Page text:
The path of any running back is never a straight line. And in that way, Utah’s Devontae Booker is no exception.
On the field, he has been one of the best running backs in the Pac-12 this season, rushing for 844 yards and eight touchdowns.
But off the field, he was like a running back as well. His route to Utah began with a commitment to Washington State, then Fresno State, then two seasons at a junior college before he found his way to Salt Lake City.
Booker came out of Grant Union High School in Sacramento, California, with video-game statistics -- 2,884 yards and 45 touchdowns as a senior, 1,850 yards and 36 touchdowns as a junior. He initially committed to former Washington State coach Paul Wulff after much of the Pac-12 had passed over him.
However, his SAT score wasn’t high enough, so the Cougars had to rescind their offer. Fresno State came calling and he told them he’d retake the SAT the next month and do better. He did, but by the time all the paperwork was filed, they’d missed a deadline with the NCAA Clearinghouse and Booker was deemed a nonqualifier, leaving him few options -- none of which involved playing Division I football.
Booker sat down with his parents, who told him his only choice was to go to a junior college. He had no one to be angry at but himself for being in this position.
“I really didn’t want to hear it at the time,” Booker said.
So he got in touch with American River College coach Jon Osterhout, who had already been recruiting him, knowing there was a chance that Booker wouldn’t qualify because of his test scores.
Osterhout said that Booker had “everything you look for athletically, but he had some things to get taken care of in the classroom.” He knew those kinds of issues could be solved at a junior college and Booker would be an instant-impact player for his team.
“He showed up on our doorstep prior to training camp beginning and did an unbelievable job from Day 1,” Osterhout said. “We knew we had somebody special from Day 1.”
Booker lived at home with his parents while attending American River College and Osterhout was right -- the academics improved and Booker, along with Bryce Pratt and Joseph Ferguson, helped to create a three-headed running back monster for Osterhout.
By the end of the season, he was Osterhout’s top guy and finished 2011 with 793 yards and 12 touchdowns.
Even with those numbers, nobody was really talking about Booker. However, in his second year in the program, Booker rushed for 1,472 yards and 15 touchdowns.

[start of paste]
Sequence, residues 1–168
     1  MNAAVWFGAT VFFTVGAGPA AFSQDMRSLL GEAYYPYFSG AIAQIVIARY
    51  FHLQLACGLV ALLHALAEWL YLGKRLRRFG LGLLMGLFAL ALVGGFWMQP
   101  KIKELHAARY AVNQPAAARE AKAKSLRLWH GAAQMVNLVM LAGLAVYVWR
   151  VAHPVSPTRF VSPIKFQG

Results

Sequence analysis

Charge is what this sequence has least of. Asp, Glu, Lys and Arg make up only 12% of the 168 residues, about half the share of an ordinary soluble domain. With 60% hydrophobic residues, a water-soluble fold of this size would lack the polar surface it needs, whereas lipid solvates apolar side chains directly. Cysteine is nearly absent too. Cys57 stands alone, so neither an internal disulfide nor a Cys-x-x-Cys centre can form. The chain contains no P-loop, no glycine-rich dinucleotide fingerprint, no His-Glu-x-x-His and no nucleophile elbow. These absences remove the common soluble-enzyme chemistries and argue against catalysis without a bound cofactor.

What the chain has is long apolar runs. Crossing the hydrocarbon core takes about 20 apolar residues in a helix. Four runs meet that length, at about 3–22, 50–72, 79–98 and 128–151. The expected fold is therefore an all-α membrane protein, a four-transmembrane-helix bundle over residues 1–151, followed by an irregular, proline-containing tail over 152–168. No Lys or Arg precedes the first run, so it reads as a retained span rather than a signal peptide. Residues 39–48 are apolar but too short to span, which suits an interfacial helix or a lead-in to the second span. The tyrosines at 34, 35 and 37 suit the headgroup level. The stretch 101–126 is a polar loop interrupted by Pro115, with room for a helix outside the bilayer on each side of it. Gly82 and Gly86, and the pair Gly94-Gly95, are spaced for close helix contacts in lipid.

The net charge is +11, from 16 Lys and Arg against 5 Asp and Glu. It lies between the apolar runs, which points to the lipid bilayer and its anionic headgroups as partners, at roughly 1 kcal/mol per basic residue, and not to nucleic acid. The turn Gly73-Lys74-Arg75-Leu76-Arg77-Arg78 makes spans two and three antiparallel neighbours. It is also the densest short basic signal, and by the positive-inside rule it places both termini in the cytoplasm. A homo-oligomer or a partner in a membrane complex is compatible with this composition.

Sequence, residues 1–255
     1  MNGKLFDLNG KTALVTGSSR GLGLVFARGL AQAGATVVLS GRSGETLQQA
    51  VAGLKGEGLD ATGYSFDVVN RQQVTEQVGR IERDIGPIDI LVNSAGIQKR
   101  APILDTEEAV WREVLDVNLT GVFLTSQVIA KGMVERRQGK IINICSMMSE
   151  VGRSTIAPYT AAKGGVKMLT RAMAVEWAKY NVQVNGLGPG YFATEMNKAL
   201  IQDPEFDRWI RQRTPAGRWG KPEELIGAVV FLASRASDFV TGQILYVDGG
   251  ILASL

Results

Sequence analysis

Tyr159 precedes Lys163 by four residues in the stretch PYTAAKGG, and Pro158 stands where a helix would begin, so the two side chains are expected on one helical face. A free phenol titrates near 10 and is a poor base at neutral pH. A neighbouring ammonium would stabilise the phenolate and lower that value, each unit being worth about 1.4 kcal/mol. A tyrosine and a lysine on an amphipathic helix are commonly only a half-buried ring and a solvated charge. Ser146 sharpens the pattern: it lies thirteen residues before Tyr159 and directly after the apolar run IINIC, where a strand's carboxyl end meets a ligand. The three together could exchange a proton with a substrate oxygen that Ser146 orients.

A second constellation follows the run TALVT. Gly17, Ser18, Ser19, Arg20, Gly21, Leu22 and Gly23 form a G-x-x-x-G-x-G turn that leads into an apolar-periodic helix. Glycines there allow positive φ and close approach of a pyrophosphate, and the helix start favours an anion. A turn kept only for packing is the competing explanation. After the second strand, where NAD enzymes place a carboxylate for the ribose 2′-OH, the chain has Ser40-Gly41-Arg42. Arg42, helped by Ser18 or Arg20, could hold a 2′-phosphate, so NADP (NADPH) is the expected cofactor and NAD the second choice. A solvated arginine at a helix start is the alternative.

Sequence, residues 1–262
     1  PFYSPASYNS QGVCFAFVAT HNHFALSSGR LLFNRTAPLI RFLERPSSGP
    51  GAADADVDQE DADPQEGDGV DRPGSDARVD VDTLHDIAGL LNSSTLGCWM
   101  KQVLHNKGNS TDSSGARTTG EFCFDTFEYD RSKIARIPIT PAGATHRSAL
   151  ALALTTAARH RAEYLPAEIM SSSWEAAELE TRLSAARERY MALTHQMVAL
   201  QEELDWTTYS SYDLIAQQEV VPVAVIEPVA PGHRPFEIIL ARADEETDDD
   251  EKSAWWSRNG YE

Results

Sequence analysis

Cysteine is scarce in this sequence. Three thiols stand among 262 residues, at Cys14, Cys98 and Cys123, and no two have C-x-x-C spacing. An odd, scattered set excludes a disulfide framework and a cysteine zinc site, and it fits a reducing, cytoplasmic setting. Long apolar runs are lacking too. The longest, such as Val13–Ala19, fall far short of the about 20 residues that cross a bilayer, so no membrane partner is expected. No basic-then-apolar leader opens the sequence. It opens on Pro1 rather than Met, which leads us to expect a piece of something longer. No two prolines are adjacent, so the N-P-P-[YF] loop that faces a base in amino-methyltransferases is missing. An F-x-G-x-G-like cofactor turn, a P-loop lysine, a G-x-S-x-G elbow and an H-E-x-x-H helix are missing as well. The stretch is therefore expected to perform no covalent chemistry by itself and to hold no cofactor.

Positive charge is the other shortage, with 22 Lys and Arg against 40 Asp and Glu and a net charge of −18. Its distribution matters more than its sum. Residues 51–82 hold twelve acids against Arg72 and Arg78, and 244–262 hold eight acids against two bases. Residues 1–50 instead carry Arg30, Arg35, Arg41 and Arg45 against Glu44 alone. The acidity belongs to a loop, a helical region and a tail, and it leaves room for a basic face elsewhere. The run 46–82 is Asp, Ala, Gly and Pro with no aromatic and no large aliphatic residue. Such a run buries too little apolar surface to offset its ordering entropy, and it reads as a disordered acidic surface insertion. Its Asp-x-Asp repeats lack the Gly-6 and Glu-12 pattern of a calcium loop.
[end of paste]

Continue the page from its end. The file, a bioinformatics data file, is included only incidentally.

“Every game I went out for juco, I thought about all the schools that had passed me up,” Booker said. “Every game I went out there and played with a chip on my shoulder. … The whole time I was at JC pretty much just made me a monster.”
Still, there weren’t many coaches coming to talk to Osterhout about the player he described as “the most complete back I’ve ever been around.”
So, if teams weren’t going to hit the recruiting trail for Booker, he decided he would hit the promoting trail for Booker.
“I reached out to everybody in the country I knew, from Oklahoma to North Carolina to USC to Oregon State,” Osterhout said. “You name it.”
Finally, Kyle Whittingham came calling. It was more than two years after Booker had made his initial commitment to a Pac-12 school, but now Booker was the kind of player and student who would excel in the conference.
“Going the JC route made me more mature,” Booker said. “I pretty much just learned a lot of things being back home. It was tough for a while when I found out I had to do the JC route, but when I finally did it, it was all worth it and I would do it again.”
Now, Booker’s next challenge will be propelling an offense that lost its best wide receiver, Dres Anderson, this week. Amid a chaotic South Division, Utah seemed to be making the most sense of it all, and now the chip on Booker’s shoulder is about carrying the load for the Utes' title chances.
Through four games of conference play, Booker has averaged 5.8 yards per carry -- the third-best average of any back in the Pac-12. Now, with Anderson’s absence, he might be called upon even more. But his former coach knows that raising the bar and expectations for Booker might be the best thing for him right now.
“I think his top shelf still hasn’t been reached,” Osterhout said.